Whilst the temperature is expected to reach at least 30 degrees on Monday and continue to climb to 32 degrees on Tuesday, the heatwave announced this week is "nothing exceptional", according to several climatologists.
It will only be officially recognised as "exceptional" if temperatures exceed 30 degrees once again during the week.
According to current forecasts by the Royal Meteorological Institute (IRM), temperatures will likely hit a maximum of 31 degrees on Monday, and 32 on Tuesday, before falling slightly on the following days, but remaining above 25°C.
"We may break a daily record, but the event itself is not exceptional,” said IRM climatologist David Dehenauw.
In Belgium, a heatwave is officially declared when the maximum temperatures are above 25 degrees for at least five consecutive days. Furthermore, at least three of the days must exceed 30 degrees.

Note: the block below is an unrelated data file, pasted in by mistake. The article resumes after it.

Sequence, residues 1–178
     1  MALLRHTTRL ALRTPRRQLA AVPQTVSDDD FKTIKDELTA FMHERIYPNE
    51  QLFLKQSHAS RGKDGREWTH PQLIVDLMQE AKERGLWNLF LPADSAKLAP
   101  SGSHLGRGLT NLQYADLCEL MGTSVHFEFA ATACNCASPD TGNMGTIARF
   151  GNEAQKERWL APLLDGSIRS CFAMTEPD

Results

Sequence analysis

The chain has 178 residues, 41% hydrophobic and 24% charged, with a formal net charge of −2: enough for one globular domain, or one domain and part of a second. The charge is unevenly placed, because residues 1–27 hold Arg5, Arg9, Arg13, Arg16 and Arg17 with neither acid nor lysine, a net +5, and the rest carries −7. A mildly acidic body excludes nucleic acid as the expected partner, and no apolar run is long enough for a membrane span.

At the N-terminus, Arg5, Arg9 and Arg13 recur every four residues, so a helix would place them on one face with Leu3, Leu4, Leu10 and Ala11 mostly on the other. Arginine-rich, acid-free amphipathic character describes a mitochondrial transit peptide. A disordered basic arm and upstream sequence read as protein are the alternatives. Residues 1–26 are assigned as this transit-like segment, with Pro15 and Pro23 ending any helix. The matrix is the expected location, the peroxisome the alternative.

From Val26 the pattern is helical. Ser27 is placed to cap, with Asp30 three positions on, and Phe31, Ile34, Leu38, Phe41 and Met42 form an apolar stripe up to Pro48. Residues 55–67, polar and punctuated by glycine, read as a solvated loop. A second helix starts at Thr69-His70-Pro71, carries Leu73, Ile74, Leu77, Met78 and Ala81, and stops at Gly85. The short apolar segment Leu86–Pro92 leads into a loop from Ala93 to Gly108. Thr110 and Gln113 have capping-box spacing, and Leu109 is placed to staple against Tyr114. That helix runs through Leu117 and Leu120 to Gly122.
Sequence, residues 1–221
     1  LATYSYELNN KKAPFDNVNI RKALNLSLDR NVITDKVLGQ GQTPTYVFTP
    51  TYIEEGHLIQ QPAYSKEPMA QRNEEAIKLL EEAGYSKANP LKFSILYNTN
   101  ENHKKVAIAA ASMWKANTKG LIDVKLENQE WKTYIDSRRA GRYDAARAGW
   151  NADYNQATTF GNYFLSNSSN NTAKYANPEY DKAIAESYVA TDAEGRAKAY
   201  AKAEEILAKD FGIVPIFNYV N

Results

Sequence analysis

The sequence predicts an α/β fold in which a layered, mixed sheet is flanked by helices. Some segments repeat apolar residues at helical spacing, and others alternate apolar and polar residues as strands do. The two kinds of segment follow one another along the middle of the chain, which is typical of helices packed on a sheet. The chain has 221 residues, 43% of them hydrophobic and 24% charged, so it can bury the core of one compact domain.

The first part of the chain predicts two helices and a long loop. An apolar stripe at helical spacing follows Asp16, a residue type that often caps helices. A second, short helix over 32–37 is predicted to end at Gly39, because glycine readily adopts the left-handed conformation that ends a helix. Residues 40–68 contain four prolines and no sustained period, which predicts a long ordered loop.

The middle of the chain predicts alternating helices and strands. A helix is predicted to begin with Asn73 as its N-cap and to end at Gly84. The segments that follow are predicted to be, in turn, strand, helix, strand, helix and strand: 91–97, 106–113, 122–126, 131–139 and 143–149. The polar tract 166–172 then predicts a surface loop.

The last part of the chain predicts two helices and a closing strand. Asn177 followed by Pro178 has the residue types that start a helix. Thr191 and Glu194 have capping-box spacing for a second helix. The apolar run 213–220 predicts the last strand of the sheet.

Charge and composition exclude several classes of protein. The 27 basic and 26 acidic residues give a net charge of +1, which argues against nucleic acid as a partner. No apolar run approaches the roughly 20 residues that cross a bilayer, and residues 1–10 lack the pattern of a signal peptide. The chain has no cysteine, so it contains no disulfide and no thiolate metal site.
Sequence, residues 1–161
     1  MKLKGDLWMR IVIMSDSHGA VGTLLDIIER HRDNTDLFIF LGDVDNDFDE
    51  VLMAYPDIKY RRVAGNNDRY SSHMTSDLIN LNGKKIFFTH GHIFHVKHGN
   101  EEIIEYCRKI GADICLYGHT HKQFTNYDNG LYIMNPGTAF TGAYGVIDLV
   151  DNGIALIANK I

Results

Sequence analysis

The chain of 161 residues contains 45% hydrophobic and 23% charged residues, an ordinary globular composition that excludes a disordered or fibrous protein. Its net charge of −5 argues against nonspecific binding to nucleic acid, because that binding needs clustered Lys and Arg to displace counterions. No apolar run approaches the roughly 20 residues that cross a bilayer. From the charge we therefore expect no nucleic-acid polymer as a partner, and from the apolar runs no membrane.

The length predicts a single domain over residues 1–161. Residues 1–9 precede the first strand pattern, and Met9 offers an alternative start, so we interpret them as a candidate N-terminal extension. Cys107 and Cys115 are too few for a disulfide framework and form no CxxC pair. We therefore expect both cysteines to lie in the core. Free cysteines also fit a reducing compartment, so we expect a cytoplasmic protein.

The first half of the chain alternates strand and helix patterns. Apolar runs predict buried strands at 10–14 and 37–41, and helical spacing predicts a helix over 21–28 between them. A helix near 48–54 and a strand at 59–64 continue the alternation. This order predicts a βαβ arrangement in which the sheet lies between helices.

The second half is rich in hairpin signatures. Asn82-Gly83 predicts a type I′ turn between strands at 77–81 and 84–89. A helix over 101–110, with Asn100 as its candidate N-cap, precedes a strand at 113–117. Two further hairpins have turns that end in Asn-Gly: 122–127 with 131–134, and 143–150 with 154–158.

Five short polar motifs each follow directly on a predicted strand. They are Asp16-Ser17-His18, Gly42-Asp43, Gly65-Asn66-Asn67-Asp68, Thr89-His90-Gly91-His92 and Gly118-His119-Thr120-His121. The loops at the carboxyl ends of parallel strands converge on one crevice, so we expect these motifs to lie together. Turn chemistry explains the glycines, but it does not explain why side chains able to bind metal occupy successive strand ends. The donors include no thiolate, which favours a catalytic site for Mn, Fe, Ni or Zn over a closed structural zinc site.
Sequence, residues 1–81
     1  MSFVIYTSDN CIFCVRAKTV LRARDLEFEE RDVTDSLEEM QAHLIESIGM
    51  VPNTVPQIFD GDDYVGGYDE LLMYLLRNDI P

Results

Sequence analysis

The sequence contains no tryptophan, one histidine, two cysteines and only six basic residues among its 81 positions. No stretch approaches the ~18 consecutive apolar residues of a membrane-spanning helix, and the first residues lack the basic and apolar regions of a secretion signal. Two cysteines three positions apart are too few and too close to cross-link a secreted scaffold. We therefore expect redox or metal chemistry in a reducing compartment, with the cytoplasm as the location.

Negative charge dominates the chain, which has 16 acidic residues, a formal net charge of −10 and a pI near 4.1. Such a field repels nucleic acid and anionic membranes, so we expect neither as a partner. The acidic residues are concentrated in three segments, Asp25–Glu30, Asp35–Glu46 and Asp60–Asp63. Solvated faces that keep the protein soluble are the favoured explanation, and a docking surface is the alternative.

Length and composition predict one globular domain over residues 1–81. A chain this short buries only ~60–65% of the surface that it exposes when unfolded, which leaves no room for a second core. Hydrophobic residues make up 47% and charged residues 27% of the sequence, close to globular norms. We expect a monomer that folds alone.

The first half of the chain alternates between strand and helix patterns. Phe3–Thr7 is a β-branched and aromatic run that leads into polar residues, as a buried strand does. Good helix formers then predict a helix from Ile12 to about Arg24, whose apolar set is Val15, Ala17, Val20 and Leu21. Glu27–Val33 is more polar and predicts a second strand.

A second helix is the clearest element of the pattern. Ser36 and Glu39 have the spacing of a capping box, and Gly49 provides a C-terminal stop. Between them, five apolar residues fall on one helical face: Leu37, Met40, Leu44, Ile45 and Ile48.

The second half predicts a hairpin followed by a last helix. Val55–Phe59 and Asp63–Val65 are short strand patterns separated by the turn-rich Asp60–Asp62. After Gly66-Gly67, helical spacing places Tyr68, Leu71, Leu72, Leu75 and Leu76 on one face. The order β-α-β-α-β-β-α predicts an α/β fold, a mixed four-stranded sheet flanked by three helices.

"This is a good time for heatwaves, which normally occur from June to September. So there is nothing unusual," confirmed David Doutreloup, a researcher at ULiège's climatology laboratory.
However, these periods of high heat are becoming more frequent. Previously, statistics from the 1990s and early 2000s show that heatwaves were limited to once every three or four years in Belgium. However, “over the past five years, we've had at least one a year," said Doutreloup.
Yet, linking these heatwaves with global warming is premature, stated Doutreloup. "At this stage, this is a hypothesis. The study of climate change is carried out over a period of at least 30 years to obtain significant statistics.”
The Brussels Times